How To Start A Running Routine

It’s almost summertime and while most people are starting to plan their summer vacations to the lake or overseas, there are other people, like me, that are ready to begin training for a couple of races. Whether you are new runner that wants to try out running to help you get healthier, or a veteran runner that recently took a break from running, sometimes it is hard to figure out where to start back up.

There have been a couple times that I can remember having to completely re-start a whole new running routine. The first, was when I was an incoming high school freshmen and didn’t know a thing about running or how to build up any kind of endurance. The second, was my sophomore year of college, when I had to red-shirt my indoor and outdoor track season for about 3 months due to an iliotibial (IT) band injury. The third, and most recent, was right after qualifying for Boston in 2014, I got a very painful hip injury, where I ended up receiving a corticosteroid injection in hip joint and rested it for about 14 months.  Here are few things I’ve learned along the way from my ‘starting fresh’ experiences:


1.     Start small and build your way up

If it's your first time on the trails in a very long time or ever, start with a  1-3 min jog with 3 min rest walk in between for a total of 30 minutes.  Do this for about 3-4 times per week. Increase your minutes of jogging per week with the same amount of rest. You will be surprised by after a month how confident you will feel about how long you can run without stopping.

Another way to start small would be to start with a half mile or mile jog, walk a quarter mile, and then repeat until you hit 30 minutes.  I know this start up method may seem like it will take forever, but the important thing is that you are starting to run and you don’t want to overdo it to where you get injured, or it gets too hard where you dread getting back out there, or you burn out. 

Personally, the first 2-4 weeks are usually the hardest to get through. Be sure to listen to your body on paces and take a day or two off, if needed. 


2.     Try cross-training on your off-running days

There have been plenty times, where my body is aching from the run before, but I really want to build up my endurance, so a few things I (and other running friends) like  to do to cross-train to help stay active are: cycling, roller-blading taking a HIIT class, swimming, rowing, or even the stair master. 

Not only will these activities also help build your endurance levels, but also help keep you strong and injury-free (again, be sure its within your own limits!).  On days you just don’t feel like doing any cardio, yoga and doing light weight exercises are also great ways to help keep your body strong for when you do get back out on the trails the next day.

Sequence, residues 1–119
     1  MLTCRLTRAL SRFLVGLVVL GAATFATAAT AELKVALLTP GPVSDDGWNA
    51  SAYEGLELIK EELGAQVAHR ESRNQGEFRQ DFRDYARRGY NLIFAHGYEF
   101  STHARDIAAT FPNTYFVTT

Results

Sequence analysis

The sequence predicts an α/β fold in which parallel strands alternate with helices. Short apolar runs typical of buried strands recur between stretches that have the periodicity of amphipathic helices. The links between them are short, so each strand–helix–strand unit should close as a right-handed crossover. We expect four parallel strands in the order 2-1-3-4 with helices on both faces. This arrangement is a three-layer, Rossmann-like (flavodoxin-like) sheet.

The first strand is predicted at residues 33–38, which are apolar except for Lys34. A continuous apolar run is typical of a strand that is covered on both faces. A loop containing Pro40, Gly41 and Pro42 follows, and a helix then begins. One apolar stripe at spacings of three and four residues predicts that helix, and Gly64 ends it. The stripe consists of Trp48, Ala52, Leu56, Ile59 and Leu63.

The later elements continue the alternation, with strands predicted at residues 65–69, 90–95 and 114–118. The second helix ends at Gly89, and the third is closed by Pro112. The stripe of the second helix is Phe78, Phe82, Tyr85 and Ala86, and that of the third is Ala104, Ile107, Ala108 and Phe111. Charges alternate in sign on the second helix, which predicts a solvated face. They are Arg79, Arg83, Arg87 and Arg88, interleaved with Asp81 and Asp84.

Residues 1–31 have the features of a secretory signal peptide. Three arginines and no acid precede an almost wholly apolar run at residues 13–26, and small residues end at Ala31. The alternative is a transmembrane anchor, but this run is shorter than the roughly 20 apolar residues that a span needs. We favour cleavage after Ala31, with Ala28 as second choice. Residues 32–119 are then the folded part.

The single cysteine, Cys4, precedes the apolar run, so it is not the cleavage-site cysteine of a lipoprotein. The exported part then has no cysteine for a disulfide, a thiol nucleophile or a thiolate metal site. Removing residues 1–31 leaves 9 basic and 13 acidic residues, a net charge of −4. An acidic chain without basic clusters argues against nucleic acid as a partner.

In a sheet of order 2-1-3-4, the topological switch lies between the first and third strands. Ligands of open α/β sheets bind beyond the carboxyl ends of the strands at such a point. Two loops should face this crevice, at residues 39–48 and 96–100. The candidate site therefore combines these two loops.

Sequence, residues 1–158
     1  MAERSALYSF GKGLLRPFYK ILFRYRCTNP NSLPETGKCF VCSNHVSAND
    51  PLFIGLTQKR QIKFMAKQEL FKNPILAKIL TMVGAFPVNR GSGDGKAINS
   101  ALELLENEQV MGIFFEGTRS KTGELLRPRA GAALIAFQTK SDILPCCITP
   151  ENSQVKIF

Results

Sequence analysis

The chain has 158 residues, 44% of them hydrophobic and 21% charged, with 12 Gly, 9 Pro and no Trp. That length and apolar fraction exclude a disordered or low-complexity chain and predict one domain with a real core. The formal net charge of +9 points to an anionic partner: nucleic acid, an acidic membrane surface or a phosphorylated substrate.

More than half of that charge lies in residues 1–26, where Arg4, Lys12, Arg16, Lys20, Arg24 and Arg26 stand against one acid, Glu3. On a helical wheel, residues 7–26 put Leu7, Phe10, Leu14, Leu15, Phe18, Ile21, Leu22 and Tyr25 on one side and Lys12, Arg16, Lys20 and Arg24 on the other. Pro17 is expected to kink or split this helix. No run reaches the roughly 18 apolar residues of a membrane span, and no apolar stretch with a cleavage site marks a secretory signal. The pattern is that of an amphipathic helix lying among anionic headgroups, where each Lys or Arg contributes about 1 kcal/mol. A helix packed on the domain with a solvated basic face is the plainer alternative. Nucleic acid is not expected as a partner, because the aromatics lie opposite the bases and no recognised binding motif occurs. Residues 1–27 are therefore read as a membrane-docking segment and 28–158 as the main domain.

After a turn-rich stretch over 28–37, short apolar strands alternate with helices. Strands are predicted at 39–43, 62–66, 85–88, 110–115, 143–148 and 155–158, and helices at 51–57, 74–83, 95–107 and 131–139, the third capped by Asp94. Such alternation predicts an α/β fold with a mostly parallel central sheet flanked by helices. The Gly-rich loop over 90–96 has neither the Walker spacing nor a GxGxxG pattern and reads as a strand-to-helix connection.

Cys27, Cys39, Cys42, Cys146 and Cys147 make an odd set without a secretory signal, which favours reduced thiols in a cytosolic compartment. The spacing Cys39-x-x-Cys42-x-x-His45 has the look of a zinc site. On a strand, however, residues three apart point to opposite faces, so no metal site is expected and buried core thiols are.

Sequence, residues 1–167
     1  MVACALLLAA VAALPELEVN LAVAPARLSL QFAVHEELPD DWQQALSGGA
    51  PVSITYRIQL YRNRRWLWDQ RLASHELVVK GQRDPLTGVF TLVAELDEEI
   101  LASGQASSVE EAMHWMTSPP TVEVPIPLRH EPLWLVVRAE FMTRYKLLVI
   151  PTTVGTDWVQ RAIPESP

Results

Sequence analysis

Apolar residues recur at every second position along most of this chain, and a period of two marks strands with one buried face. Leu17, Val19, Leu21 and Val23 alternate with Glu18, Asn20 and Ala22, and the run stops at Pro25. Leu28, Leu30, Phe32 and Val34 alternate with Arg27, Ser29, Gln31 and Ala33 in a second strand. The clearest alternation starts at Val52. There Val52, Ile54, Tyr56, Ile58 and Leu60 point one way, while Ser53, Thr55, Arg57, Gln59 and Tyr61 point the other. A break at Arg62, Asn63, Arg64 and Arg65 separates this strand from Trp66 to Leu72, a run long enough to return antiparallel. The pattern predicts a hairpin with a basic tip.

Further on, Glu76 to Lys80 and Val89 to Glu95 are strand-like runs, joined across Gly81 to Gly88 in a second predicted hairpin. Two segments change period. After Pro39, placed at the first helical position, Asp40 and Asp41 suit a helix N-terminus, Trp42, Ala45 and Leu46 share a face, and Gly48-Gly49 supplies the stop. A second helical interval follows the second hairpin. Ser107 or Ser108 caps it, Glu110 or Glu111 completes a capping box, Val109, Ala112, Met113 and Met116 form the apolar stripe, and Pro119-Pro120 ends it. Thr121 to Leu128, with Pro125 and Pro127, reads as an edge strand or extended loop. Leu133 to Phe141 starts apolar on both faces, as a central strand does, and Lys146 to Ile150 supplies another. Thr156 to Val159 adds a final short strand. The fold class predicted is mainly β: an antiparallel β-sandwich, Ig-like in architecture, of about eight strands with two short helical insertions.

3.     Set a goal

Setting a goal on a weekly, monthly, yearly basis or even a race date can help you create a plan for yourself of where you want to take your running. 

When starting on a run, it is usually best to start with goals on a weekly basis. For me,  if my goal is to run 15 miles one week, then I spread out my  runs to where I think I could reach my 15 miles per week goal. I like to try to get through the first week, see how I feel with running and cross training , and then continue with the second week, and so forth.

A lot of people also start running to help speed up weight loss or maintain their current weight. Which ever your reason, just keep at it and make sure that when you are fulfilling  your health goals that you are HAPPY and feel good about how your body and running feels together. 


4.     Be patient and remember why you chose to start this running journey

One of the major things that I wish I could tell myself when I was a younger runner, would be to have fun and be patient with the training. After being injured all I could think about was how fast I could get back to where I left off.  Instead, I should have relished the short runs, cross training, and the ability to re-learn my body

 Think of the beginning running stage as just that, a stage, or a phase, that all runners have to go through no matter their fitness level. All the short runs and walks have their purpose in your training.

 Another thing I like to remind myself a lot in times of frustration with my running is: Why do I like to run in the first place? What is my happiest running memory? What does running do for me? When was the last time I smiled after a run?

As a current runner, I get asked a lot of questions around “how do I start running?”  key points to this are: start small, be consistent with the work you do, set a goal, be patient, and have fun.

If there is anything else you guys would like to learn about or know about myself and running, be sure to leave a comment below or send me a message!

Let’s shine,